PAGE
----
One handle at a time is something I maintain. I would make no apology for using the anti-stalking techniques that Disqus thankfully provides.Stalkers and trolls like you sadly make that necessary.

  • Stuart

    That tells me that my arguments threaten you and are effective

    Yes yes, we all know your shtick. If someone replies to your comments, it’s because they are threatened by them. If they don’t reply, it’s because they are threatened by them and afraid. If they call out your trollish behavior, same thing. If they block you because they are tired of your trollish behavior, same thing.

    By an amazing coincidence, every possible outcome is proof to you of how great you are.

    Prove it.

    Yawn. You want me to say I can’t prove conclusively those accounts are yours, and then you can announce that since I can’t meet the bar you’ve unilaterally set, you win the internet. We all know this routine too, but hey, if going through the motions makes you happy, go for it.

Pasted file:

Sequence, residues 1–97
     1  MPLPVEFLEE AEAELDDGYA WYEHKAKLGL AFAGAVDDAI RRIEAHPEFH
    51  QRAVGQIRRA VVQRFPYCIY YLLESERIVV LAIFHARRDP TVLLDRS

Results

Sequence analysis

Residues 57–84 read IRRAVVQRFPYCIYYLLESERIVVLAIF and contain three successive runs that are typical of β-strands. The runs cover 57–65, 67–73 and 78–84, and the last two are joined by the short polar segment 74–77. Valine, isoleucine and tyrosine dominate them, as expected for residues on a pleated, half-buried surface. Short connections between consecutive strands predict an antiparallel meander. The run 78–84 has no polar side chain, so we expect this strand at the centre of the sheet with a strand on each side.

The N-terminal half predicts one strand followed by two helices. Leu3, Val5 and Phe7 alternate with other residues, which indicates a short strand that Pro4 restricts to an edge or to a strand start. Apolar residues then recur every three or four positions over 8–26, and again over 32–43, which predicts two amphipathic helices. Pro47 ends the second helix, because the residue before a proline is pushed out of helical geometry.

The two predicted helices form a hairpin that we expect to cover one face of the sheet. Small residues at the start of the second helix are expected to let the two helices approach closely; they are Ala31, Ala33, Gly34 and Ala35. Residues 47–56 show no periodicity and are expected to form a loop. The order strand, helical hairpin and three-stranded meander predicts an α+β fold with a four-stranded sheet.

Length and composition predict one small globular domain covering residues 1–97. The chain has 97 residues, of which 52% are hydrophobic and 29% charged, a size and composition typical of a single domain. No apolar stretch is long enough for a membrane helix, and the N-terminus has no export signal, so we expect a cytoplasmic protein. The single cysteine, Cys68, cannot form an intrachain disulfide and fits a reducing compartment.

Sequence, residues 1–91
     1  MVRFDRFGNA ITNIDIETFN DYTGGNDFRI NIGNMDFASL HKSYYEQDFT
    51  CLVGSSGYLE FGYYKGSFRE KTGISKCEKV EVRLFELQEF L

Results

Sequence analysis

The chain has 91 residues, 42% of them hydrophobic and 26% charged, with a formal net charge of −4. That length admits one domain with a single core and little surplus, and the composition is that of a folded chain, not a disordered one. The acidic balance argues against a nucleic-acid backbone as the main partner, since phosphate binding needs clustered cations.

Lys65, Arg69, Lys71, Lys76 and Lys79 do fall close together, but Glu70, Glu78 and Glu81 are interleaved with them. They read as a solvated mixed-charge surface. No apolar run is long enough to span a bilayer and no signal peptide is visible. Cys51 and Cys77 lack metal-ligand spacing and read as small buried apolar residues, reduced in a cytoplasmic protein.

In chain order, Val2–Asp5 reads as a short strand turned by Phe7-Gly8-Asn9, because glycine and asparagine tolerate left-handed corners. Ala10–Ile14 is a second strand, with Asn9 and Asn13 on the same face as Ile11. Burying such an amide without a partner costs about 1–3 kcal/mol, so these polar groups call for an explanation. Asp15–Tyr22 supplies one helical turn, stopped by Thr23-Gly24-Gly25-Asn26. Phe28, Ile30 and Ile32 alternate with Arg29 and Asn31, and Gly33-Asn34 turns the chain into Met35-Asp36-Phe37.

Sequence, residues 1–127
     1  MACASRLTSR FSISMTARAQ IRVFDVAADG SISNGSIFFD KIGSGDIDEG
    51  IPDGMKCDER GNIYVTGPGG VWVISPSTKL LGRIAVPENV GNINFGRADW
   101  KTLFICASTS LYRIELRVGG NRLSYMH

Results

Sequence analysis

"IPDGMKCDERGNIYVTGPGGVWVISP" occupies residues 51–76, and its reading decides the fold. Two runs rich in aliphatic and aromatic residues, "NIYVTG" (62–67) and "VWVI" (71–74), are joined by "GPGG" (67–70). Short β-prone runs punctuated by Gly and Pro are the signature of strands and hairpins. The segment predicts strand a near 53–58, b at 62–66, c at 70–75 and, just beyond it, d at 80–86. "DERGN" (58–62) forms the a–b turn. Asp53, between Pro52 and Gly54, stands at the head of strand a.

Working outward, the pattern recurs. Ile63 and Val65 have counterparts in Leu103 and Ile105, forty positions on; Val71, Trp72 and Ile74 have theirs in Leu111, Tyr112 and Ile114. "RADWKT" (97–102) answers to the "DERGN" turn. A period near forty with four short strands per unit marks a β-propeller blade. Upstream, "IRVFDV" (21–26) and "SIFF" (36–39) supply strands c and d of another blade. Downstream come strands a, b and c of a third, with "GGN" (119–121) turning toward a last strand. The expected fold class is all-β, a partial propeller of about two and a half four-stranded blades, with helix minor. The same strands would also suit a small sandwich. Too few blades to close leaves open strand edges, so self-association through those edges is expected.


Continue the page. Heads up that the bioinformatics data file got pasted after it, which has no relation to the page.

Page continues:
I know it’s you, and the people here I’m alerting to your new accounts know it’s you, which is all that matters to me.

    Pointing out that you can’t even stick to the ridiculously low ethical standard of not sock-puppeting that you yourself set was just an amusement. (Mostly I was curious if you felt any shame about it. Since you are lying about it, instead of doing the admit-it-but-not-really-admit it that you seems to love so much when one of your accounts is called out as an alt, I’m guessing yes.)

  • Stuart

    And I remember seeing the name RichRoLLed, often in the same thread. I wondered then if they could be the same commenter

    Or perhaps an obvious parody, whose name is a combination of the name of the account being parodied, and a famous form of internet trolling?